Appellant contends that the court erred in failing to vacate and set aside the judgment and sentence because the information filed in the circuit court was defective and invalid for failure to show the endorsement of witnesses on the back of said information. Appellant further contends that the filing of said information in said court on December 29, 1958, with no witnesses endorsed thereon was prejudicial to the appellant. Appellant cites Supreme Court Rule 24.17, Sec. 545.070 RSMo 1949 (perhaps Sec. 545.240 was intended) V.A.M.S. and State v. Parks, Mo.Sup., 331 S.W.2d 547.
In this case the names of no witnesses were endorsed on the back of the information filed. The information was otherwise in due form and charged the defendant with murder in the first degree of one Tom Gregg by shooting him several times on September 18, 1958, in Henry County, Missouri. No motion to quash was filed. Defendant with his counsel, and without objection, appeared in person to the charge and entered a plea of guilty.
While the mentioned statute and subsequent rule of this Court required the endorsement of witnesses, the requirement is for defendant's benefit and the defect could be and was waived under the facts shown. A judgment and sentence, otherwise valid, will not be set aside, unless it is clearly shown upon a proper appeal that defendant was prejudiced by the failure to endorse the names of witnesses. State v. Parks, supra, 331 S.W.2d 547, 550. The information was not void by reason of the defect noted, nor was the judgment and sentence based thereon void under the facts shown. State v. Long, 209 Mo. 366, 108 S.W. 35, 37.
Appellant further contends that "the court erred in failing to vacate and set aside the judgment and sentence of the court heretofore entered because the magistrate court lost jurisdiction." Appellant argues that he was arraigned in the magistrate court on September 19, 1958, and the next entry in the magistrate court is that on December 23, 1958, preliminary hearing was waived. Appellant contends that, "This is contra to the laws of the State of Missouri in failing to show continuance of said preliminary from time to time not to exceed ten days"; and that the magistrate court had no jurisdiction to certify the case to the circuit court and therefore any further entries of the circuit court are void. Appellant cites Supreme Court Rules 23.02 and 23.06 and Secs. 544.250 and 544.320 RSMo 1949, V.A.M.S.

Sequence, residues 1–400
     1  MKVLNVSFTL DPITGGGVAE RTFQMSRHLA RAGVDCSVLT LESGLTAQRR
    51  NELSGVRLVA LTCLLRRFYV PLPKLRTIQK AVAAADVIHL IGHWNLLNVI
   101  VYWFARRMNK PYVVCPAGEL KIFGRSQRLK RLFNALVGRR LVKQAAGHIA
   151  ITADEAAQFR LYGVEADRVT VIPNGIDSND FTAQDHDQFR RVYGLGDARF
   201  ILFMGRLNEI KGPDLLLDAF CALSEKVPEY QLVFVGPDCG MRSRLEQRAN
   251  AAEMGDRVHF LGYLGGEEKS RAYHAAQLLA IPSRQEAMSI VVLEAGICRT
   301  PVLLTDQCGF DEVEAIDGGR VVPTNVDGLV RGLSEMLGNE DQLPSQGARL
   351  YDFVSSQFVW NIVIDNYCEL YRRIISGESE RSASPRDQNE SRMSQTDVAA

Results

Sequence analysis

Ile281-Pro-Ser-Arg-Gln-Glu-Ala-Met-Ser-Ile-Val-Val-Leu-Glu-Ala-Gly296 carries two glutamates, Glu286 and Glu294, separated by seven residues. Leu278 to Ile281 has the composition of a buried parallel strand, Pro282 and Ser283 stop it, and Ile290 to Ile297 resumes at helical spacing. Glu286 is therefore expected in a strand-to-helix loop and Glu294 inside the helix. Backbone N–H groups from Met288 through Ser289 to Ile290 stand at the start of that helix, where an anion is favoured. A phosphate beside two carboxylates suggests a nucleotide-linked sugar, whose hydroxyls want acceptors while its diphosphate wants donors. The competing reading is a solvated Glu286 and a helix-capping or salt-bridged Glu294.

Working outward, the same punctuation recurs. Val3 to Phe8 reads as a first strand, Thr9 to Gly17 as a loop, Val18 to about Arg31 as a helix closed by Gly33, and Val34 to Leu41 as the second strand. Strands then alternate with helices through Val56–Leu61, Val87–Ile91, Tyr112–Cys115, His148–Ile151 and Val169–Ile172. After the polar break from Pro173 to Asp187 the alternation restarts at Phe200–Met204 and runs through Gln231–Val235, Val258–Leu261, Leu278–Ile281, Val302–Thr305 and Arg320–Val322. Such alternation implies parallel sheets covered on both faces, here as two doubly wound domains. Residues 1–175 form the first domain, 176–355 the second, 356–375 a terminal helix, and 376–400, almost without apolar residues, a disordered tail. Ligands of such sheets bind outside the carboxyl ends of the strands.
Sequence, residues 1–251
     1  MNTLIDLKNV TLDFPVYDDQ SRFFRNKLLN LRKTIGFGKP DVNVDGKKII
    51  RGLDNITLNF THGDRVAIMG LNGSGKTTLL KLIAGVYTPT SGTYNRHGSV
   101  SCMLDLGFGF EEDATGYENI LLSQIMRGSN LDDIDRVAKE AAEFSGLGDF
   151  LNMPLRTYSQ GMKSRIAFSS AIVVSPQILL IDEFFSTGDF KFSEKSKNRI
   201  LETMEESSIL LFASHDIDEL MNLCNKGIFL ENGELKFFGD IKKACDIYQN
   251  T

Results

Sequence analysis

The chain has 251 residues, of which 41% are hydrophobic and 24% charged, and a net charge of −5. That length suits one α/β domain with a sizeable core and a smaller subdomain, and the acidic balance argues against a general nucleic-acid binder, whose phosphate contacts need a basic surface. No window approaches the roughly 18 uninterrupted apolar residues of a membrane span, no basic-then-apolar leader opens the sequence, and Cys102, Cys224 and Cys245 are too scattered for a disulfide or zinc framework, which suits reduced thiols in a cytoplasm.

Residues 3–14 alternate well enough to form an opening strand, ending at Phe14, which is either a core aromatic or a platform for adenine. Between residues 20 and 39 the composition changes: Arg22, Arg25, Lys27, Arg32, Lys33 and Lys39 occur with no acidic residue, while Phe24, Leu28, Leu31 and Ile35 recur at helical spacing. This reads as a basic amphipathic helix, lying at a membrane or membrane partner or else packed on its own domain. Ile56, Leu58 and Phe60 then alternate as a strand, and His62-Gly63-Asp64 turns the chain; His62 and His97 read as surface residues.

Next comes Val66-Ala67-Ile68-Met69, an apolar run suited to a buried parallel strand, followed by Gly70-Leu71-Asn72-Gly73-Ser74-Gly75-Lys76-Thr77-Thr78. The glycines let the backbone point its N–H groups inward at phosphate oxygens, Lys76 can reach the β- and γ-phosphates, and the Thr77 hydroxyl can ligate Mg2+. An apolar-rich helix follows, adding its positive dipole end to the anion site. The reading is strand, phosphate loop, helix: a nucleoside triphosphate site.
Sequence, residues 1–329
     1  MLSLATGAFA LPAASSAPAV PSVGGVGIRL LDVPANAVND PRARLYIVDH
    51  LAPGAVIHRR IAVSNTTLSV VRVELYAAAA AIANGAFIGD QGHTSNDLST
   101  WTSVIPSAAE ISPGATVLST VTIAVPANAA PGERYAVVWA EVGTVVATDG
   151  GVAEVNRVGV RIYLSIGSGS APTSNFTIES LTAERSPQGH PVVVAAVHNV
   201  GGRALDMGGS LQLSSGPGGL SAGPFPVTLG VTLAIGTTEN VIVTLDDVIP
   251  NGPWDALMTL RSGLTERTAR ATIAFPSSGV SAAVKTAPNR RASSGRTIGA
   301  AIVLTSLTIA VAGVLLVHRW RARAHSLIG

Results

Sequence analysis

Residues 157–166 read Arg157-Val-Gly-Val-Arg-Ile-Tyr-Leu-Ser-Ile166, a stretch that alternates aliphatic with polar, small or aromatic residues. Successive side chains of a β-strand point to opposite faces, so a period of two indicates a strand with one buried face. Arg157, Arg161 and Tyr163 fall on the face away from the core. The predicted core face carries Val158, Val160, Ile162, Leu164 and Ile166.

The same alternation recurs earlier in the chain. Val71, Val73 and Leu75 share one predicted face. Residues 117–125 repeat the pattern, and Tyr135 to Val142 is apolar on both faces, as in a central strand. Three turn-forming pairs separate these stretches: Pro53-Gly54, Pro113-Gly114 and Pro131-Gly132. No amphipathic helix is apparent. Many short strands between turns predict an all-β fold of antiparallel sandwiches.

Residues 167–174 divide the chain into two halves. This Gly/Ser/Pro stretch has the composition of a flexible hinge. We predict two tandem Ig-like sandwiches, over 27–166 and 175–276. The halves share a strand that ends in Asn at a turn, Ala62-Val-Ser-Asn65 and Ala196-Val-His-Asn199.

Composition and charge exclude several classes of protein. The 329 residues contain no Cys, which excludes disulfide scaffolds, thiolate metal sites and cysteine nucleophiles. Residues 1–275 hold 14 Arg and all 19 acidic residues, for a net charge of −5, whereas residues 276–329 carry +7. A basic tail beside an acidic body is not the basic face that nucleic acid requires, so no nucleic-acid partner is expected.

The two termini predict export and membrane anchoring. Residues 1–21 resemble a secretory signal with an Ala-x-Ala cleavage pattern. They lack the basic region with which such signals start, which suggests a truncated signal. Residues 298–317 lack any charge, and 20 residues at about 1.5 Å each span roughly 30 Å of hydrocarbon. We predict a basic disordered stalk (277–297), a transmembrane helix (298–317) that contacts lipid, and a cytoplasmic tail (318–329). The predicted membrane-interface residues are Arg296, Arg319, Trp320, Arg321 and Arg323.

We need not further consider this assignment because the primary purpose of a proceeding in the magistrate court in a felony case is to have a warrant issued for the defendant's arrest, grant a preliminary *169 hearing to determine whether probable cause exists as to defendant's guilt, and if such cause is shown, or if hearing is waived, to hold defendant or require him to give bond to answer such charge, if any, as may be filed against him in the circuit court. Nor need we rule the sufficiency of the record to show waiver by defendant of his preliminary hearing in the magistrate court for the reason that the record presented shows that a valid and sufficient information charging defendant with murder in the first degree was filed in the circuit court subsequent to the alleged waiver of preliminary hearing in the magistrate court; and that defendant thereafter appeared thereto in person and by attorney in the circuit court and entered a plea of guilty to the offense charged, and without objection or moving to quash or abate said information on the ground that no preliminary hearing had been held or waived in the magistrate court and making proof thereof. State v. Shields, 296 Mo. 389, 246 S.W. 932, 934(5); State v. Jack, Mo. Sup., 209 S.W. 890(2). The right to a preliminary examination as a condition precedent to the filing of an information is not jurisdictional, the jurisdiction of the circuit court is not derivative and a failure to accord the right to a preliminary hearing can only be taken advantage of by calling the trial court's attention to same by an appropriate motion and offering proof to establish the fact of such failure. State v. Ferguson, 278 Mo. 119, 212 S.W. 339; State v. Ancell, 333 Mo. 26, 62 S.W.2d 443 and State v. Thomas, 353 Mo. 345, 182 S.W.2d 534. Any defects in the record attending the waiver of the preliminary hearing or of other proceedings in the magistrate court were waived when defendant, represented by counsel, appeared in the circuit court, announced ready and entered his plea of guilty to the charge of murder in the first degree stated in the information. Tucker v. Kaiser, Mo.Sup., 176 S.W.2d 622, 623; State v. Taylor, 362 Mo. 676, 243 S.W.2d 301 and State v. Smart, Mo.Sup., 328 S.W.2d 569, 575.